When the boys were grown, Granny returned to the place of her birth, Pennsylvania. Upon her return, Granny married Agnew Sampson, a gentleman from the East. The marriage ended with the death of Agnew ; once again, Granny was alone, once again a widow. The only difference, now she was known as Granny Sampson.

Together, my grandfather and great grandmother ran the farm. Clyde, as he was called, was a livestock man, buying and selling throughout Ray County. When he discovered he had fallen in love with Minnie Florence Joiner, he told his mother he was getting married.
Clyde brought Florence home to the farm, where Granny started teaching Florence how to be a farmer’s wife and a farmhand. In no time at all, my Grandmother could hitch a horse to the wagon, wring the necks of two chickens simultaneously, and bake biscuits that were fit for the angels. Granny was a fine teacher.
There is a little chair in my Mom’s apartment. It is a tiny little thing, almost looks like it was made for a child. Its hand carved wood frame, its beautifully upholstered seat and back, were made especially for Granny. I love to sit in the chair, rocking gently, imagining Granny “sitting for a spell”, resting for just a few moments before it was time to return to the kitchen to fry chicken for her boys.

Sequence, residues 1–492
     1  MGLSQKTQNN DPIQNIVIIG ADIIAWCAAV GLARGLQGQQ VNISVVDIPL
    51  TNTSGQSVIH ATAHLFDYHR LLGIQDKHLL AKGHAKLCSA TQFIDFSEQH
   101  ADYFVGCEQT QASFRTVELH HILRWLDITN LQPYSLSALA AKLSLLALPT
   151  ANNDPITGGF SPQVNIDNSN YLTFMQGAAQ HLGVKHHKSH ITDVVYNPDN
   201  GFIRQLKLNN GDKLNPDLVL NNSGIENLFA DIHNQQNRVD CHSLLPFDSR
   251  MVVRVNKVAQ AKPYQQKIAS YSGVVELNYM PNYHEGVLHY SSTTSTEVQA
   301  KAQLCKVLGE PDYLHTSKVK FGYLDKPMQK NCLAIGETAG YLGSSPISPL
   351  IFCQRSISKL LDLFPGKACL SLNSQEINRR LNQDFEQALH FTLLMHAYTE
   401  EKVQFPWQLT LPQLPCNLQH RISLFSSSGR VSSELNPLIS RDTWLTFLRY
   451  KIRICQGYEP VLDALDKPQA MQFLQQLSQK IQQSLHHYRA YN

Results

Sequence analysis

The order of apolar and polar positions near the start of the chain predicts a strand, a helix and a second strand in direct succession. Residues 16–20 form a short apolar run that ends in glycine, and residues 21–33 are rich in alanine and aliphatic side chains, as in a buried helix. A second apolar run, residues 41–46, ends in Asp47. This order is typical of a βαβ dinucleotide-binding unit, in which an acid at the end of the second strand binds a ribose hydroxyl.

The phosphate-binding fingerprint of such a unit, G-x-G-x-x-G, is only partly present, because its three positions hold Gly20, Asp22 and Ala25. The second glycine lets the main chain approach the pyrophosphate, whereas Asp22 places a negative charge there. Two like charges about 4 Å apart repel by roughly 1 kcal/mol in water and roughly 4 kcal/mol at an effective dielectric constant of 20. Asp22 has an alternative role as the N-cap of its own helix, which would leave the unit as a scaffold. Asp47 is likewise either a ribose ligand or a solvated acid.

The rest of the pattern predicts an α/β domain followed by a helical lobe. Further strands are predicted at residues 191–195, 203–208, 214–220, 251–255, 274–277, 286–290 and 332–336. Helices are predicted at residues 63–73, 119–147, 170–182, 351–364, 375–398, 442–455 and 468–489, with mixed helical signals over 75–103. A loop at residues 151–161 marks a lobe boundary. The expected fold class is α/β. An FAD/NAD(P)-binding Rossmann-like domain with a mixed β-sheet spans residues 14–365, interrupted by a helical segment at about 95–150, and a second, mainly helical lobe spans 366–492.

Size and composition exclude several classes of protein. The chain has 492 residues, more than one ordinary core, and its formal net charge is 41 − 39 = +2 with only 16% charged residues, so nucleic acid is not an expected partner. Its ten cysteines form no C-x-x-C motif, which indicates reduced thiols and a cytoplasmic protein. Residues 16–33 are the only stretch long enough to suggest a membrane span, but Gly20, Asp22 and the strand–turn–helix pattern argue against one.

One of the family heirlooms that I own now, is the cast iron chicken fryer. It is a 5” deep, 12” diameter lidded skillet that I adore. Can you imagine the how many chickens died at the hands of those two Ogg women and ended up in that skillet!

Granny’s Buttermilk Chicken
3 1/2 pound broiler-fryer chicken, cut up
1 cup buttermilk
1 cup all-purpose flour
1 ½ teaspoons salt
1/2 teaspoon pepper
oil for frying (in reality, it was pure lard, rendered right there on the farm, during the hog killing process)
3 tablespoons all-purpose flour
1 cup milk
1 1/2 cups water
salt and pepper to taste
Place chicken in a large shallow dish. Pour buttermilk over; cover and refrigerate for 1 hour. Combine the flour, salt and pepper in a large resealable plastic bag. Drain chicken pieces; add to flour mixture, one at a time, and shake to coat. Shake off excess; let stand on waxed paper for 15 minutes before frying.
Heat 1/8 to 1/4 in. of oil in a large skillet ( in my cast iron chicken fryer, I use approximately 2” of oil.) fry chicken until browned on all sides. Cover and simmer, turning occasionally, for 40-45 minutes, or until juices run clear and chicken is tender. Uncover and cook 5 minutes longer. Remove chicken; drain on paper towels and keep warm.
Drain all but 1/4 cup drippings from skillet; stir in flour until blended. Gradually add milk, then 1-1/2 cups water. Bring to a boil over medium heat; cook and stir for 2 minutes or until thickened. Add remaining water if needed. Season with salt and pepper. Serve with chicken.
Thank You, Granny!